hand from overseas. Contrasting this with the fair treatment which they were
receiving, I asked for their opinion. White Kerr said: “But we do not know
anything about it and it is not our fault”. Maclaren
said: “We cannot believe that our fellow countrymen at home are mistreating
your nationals. There must be some mistake”, Mrs, Spear said: “I'm sincerely
hoping that people at home are treating your nationals just us kindly as your
authorities are treating us”.
Additional Japanese reports vary as to the
number of internees.
As of April 22nd the total was given as
2108 divided between WEIHSIEN and CHEFOO with 1756 at the former and 352 at the
latter place. Nationalities were given as follows:
on April 26th it was reported that there were 1840 internees at Weihsien of
whom 950 were Americans and the remaining 890 were British. It is believed that
the figures of the 22nd are more nearly correct.
sources in Peiping indicate that the American and British Nationals in the Peiping area have been well
treated by the Japanese. However, on March 14th the Americans were notified by
the Swiss representative that they must be prepared to leave Peiping on March 24th for
internment in WEIHSIEN. Each individual was allowed to take two suitcases of
personal effects and bedding. British subjects were instructed to be ready to
proceed to SHANTUNG on March 27th. Although the Chinese in Peiping have not been
encouraged or permitted to fraternize with "enemy nationals" many had
been punished and reprimanded for doing so. Nevertheless Chinese friends had
constantly contacted and assisted foreigners and some of the Americans had
turned over their valuables to Chinese friends for safekeeping, It is believed that practically all Americans in Peiping were compelled to go to
WEIHSIEN with the possible exception of a few elderly or sick people.
of March 17th Dr. Leighton Stuart, President of Yenching University, was still
kept in Mr, A.C. Henning's residence on Waichiaopu Street, Peiping in company
with Mr. Trevor Bowen, Acting Director of Peiping Union Medical College. The
property of the Peiping Union Medical College was being used by the Japanese as a military hospital, as was the Presbyterian Hospital in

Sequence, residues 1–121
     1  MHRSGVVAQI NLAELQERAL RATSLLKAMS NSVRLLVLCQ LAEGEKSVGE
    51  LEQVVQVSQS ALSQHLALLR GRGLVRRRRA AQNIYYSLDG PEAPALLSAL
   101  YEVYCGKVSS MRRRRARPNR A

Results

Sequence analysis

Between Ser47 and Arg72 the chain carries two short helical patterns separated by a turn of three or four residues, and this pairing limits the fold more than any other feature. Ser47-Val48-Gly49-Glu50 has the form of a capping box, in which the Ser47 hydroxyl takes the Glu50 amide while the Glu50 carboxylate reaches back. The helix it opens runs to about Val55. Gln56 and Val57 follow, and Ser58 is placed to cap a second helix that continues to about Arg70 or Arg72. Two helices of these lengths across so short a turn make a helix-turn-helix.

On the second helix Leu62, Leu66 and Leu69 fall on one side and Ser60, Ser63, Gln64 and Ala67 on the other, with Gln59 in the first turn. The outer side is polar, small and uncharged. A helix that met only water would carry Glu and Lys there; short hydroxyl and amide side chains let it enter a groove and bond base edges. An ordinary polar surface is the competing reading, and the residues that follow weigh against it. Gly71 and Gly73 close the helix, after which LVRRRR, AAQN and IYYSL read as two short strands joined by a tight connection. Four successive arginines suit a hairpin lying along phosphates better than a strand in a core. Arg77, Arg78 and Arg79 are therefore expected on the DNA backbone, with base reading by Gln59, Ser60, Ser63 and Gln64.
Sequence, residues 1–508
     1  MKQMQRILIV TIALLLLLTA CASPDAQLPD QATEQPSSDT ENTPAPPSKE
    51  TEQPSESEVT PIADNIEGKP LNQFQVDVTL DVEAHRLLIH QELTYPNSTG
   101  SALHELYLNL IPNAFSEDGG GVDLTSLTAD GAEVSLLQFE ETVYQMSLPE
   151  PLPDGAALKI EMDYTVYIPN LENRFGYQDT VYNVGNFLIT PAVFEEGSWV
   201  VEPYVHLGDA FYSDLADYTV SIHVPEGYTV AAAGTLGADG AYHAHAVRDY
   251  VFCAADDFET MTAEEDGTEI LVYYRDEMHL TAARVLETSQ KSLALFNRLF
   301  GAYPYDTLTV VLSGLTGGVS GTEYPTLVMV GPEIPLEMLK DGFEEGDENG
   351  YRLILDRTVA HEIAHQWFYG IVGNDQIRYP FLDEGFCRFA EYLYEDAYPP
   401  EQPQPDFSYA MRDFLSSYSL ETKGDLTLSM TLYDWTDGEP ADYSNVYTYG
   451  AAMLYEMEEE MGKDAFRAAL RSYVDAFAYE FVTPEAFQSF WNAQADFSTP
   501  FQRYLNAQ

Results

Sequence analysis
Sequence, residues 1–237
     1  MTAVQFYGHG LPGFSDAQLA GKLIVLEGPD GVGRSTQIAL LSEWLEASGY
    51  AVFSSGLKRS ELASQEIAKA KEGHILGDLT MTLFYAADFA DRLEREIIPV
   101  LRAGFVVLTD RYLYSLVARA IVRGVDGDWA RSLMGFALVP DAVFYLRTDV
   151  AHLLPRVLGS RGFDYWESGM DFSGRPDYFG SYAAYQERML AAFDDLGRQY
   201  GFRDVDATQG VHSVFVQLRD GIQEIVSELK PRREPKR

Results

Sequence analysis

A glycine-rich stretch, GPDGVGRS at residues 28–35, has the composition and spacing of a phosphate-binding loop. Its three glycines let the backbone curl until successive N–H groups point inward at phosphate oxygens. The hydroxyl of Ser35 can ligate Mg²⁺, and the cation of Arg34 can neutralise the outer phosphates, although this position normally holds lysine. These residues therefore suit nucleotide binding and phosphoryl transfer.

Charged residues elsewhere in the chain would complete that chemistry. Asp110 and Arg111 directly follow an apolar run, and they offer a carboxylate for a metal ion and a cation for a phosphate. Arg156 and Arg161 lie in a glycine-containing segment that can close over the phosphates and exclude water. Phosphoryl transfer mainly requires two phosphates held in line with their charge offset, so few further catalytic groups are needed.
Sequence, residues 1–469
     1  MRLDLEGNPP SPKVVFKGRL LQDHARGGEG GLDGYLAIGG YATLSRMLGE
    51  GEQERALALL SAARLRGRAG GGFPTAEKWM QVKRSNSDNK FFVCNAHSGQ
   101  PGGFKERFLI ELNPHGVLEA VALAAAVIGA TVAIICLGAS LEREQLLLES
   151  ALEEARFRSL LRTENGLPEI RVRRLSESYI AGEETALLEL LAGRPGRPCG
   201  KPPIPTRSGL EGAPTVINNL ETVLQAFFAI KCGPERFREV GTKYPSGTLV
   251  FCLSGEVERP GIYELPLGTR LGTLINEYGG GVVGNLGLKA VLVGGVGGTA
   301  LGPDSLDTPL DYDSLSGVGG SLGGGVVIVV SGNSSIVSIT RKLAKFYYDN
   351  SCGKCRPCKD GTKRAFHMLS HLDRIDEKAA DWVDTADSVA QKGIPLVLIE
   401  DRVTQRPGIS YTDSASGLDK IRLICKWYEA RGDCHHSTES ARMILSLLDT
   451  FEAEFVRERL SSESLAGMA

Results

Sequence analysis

the northern part of the city. Dr. Stuart and his companion had not been
permitted to receive visitors but had been permitted to communicate by letter
twice a week with other Americans and to receive mail.
former American Marine Barracks in Peiping now serves as the headquarters of the Japanese Gendarmerie.
is believed that the majority of the internees in CHEFOO are children at the China Inland Mission School where
they have been held in the cramped quarters of the school compound in the
company of their teachers. The adult internees appear to have been quartered
apart from the school children. The administration also appears to have been
transferred to the Japanese consular authorities and taken out of the hands of
Japanese give the number of foreign internees at CHEFOO as 352.
(In Kiangsu province across the Yangtze River from Chinkiang on the Grand
sources state enemy nationals in Central
China (not including Amoy) were grouped in Shanghai and Yangchow.
sources in late March reported that certain British women from the Shanghai area were
being or had been concentrated at Yangchow.
Japanese announced on April 21st that the internment of enemy nationals in the Shanghai area,
numbering some 6,000 and composed of Americans, British and Dutch was completed
on the 20th. It was stated that camps had been established in POOTUNG, CHAPEl, LUNGHUA and other suburban districts of Shanghai with each
camp holding from one to two thousand internees. The Japanese statement said
that teachers, religious workers and hospital workers were being allowed to
resume their former work, this being highly appreciated by the individuals
"as well ――――